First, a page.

Philippine braces for first typhoon of the year

MANILA, July 13, 2010 (AFP) - The Philippines on Tuesday braced for the first typhoon of the year as forecasters warned of floods and possible landslides across wide swathes of the country.

Typhoon Conson gathered strength as it moved closer to the main island of Luzon, and would likely hit land Tuesday night or early Wednesday, chief state weather forecaster Prisco Nilo said.

"Areas that are in the direct path will experience heavy rains, even areas to the south of the typhoon will have strong rain," Nilo told reporters.

"It is possible that there will also be landslides or flooding."

State weather forecaster Rene Paciente shows the movement of Typhoon Conson at the Philippine Atmospheric, Geophysical and Astronomical Services Administration in Quezon City suburban Manila on July 13, 2010. AFP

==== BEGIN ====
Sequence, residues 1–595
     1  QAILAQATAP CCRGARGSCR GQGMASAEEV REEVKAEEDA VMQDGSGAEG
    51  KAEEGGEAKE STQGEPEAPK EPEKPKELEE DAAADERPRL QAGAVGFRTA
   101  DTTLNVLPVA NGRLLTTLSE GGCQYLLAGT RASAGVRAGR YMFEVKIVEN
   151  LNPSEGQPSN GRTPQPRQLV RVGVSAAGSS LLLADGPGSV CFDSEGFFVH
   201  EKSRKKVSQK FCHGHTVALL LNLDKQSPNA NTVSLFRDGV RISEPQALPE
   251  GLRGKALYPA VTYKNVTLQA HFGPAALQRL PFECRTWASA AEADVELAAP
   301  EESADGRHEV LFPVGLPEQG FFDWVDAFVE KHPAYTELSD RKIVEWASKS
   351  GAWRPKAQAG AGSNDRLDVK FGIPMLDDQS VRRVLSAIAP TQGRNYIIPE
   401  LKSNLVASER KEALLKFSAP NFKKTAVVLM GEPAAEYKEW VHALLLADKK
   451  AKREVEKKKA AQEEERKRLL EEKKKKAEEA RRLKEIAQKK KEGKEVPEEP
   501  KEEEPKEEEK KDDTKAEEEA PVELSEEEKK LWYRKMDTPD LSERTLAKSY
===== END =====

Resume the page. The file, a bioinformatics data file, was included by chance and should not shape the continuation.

Packing maximum sustained winds of 120 kilometres (75 miles) per hour near the centre and gusting at up to 150 kilometres per hour, Conson was Monday bearing down on Catanduanes island on the country's eastern seaboard.

It was expected to cut west after that, dumping up to 20 millimetres (0.8 inches) of rain an hour on Luzon before exiting into the South China Sea on Wednesday, Nilo said.

"That is a heavy rain," he said.

Storm alerts have been hoisted across metro Manila and nearly 30 provinces on Luzon, home to about half of the country's 92 million people, the state weather bureau said.

Conson is the first typhoon of the season to hit the Philippines, where millions of people live in slums near waterways and rivers.

In August last year, Tropical Storm Ketsana dumped a record amount of rain across the capital, causing deadly floods, and was followed closely by Typhoon Parma which ravaged the rest of Luzon.

Aside from killing over 1,000 people, the two storms severely affected the lives of 9.3 million people.

The government pledged to move slum dwellers from the most vulnerable areas on the outskirts of Manila, but few have been relocated and could again be severely affected by floods this year.

An average of about 20 typhoons slam into the Philippines every year.

Other news